California passed a law on Saturday aimed at phasing out one of the country’s major dog blood banks and keeping dogs in facilities while their blood is being drawn.
Governor Gavin Newsom signed a bill that allows veterinarians to run blood banks in the community where residents can take their pets to donate blood and sell blood supplies to clinics in need. The law also creates a plan to gradually eliminate closed colony banks, where dogs are kept in facilities while their blood is drawn repeatedly.
The shift comes as California’s dog blood supply is in demand for dogs who become sick or need emergency surgery. While community banks are common in other states, they haven’t been allowed in California, which only allows closed colonies or vets to draw blood from pets in their own clinics.
Animal rights activists have long resisted the use of closed colony banks, saying they want dogs to live in homes with caring families and not be locked up in facilities. You pushed for change a few years ago. Legislature passed a bill to establish a community bank for dog blood, but Newsom vetoed it, saying it was not going far enough to phase out the practice of keeping donor dogs in facilities.
The new law, known as AB1282, requires the state to get rid of closed colony banks 18 months after officials found community banks to sell at least as much dog blood as closed banks sold in a year.
“Whether you are talking about a greyhound that was led on rails in the south or a dog that became homeless on the street, you want these animals to live in a home with a loving family,” said Daniel Paden, vice president from the animal rights group PETA. “If you are physically and behaviorally healthy and ready to go to the vet to donate, this is a remarkable service to other dogs.”
Three years ago, People for the Ethical Treatment of Animals filed a complaint with the state alleging that 200 greyhounds kept in a closed colony blood bank in Orange County had been ill-treated. The nonprofit bank known as Hemopet said the dogs from the racing industry were rescued and well looked after while participating in a blood donation program for 10 months before being placed in screened adoptive homes.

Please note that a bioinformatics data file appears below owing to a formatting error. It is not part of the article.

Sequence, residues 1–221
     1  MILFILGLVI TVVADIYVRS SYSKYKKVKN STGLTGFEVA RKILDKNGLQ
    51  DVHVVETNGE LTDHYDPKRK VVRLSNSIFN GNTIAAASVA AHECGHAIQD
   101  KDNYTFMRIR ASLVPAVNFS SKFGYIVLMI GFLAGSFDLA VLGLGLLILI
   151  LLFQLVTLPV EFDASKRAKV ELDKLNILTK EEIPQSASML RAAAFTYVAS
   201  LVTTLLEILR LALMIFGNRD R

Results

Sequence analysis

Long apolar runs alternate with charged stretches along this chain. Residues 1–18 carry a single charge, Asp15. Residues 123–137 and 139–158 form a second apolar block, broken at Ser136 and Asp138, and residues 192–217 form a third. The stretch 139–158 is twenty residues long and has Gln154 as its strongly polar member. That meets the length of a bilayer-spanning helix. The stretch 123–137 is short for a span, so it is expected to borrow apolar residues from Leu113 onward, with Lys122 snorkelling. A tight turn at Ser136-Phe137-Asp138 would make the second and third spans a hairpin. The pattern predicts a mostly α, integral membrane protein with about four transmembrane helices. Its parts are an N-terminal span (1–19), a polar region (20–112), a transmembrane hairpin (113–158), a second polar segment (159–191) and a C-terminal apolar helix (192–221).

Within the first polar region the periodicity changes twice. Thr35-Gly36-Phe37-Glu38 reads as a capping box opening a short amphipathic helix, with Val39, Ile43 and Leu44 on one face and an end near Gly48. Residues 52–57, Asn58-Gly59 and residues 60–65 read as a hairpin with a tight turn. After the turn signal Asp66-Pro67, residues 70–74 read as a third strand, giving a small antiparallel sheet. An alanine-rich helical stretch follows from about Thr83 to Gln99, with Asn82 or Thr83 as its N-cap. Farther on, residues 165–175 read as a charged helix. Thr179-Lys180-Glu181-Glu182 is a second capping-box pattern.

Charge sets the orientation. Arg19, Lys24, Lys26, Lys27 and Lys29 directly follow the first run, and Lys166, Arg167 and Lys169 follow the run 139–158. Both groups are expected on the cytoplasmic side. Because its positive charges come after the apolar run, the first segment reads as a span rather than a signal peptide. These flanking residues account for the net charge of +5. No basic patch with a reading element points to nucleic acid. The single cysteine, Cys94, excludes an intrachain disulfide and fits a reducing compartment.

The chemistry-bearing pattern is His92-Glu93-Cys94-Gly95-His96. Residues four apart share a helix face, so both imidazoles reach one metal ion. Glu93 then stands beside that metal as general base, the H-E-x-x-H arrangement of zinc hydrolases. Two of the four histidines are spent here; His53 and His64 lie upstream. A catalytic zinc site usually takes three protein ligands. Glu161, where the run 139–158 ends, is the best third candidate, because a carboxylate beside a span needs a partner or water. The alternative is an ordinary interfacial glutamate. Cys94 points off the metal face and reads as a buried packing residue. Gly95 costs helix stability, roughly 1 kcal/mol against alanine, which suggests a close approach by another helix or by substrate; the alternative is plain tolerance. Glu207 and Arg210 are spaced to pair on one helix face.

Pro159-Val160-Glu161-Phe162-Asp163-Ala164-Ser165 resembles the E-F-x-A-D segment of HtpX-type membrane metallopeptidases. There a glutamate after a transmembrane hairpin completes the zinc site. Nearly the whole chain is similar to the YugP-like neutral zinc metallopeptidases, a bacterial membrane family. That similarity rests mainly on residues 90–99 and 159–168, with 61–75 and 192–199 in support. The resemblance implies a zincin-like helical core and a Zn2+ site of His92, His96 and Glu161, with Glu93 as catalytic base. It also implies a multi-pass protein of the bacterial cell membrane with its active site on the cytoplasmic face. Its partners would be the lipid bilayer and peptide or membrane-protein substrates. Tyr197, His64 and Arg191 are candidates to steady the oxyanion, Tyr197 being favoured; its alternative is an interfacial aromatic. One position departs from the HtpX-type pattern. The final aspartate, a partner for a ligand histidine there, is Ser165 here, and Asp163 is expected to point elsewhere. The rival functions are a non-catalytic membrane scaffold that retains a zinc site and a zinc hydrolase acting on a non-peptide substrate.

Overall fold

A message left for Hemopet was not returned. On their website, the group says that closed colony banks can ensure a steady and clean blood supply for dogs and that their donors do not carry any infectious diseases. The website also said that Hemopet takes good care of its dogs and works with greyhounds as they are considered universal blood donors that can be given to all dogs regardless of blood type.
Hemopet is one of two commercial blood banks licensed in California. A message left on behalf of Animal Blood Resources International was not returned.
Animal rights groups and veterinary experts said the blood banking of dogs in the community can be safely done with modern veterinary science. The California Veterinary Medical Association, which has nearly 8,000 members, approved the bill once a process was in place to ease the transition to the new system while ensuring adequate blood supply, said Dr. Grant Miller, the Association’s director of regulatory affairs.
Demand for blood donations is already high and increasing every year as residents look for more treatment options for their pets, he said.
“The role of animals in society has changed over the past few decades and they are real family members,” he said, adding that residents “want to do whatever they can to help their pets.”
Judie Mancuso, founder of Social Compassion in Legislation, said animal rights groups had long wanted to phase out closed banks but recognized the need for a transition period. Under the new law, state officials will assess when community banking has generated enough blood supplies to do so, she said.
“We don’t know how many vets or stores will open. There is just no such thing as a crystal ball, ”she said. “We don’t know, but at least we’re changing the law to open the door.”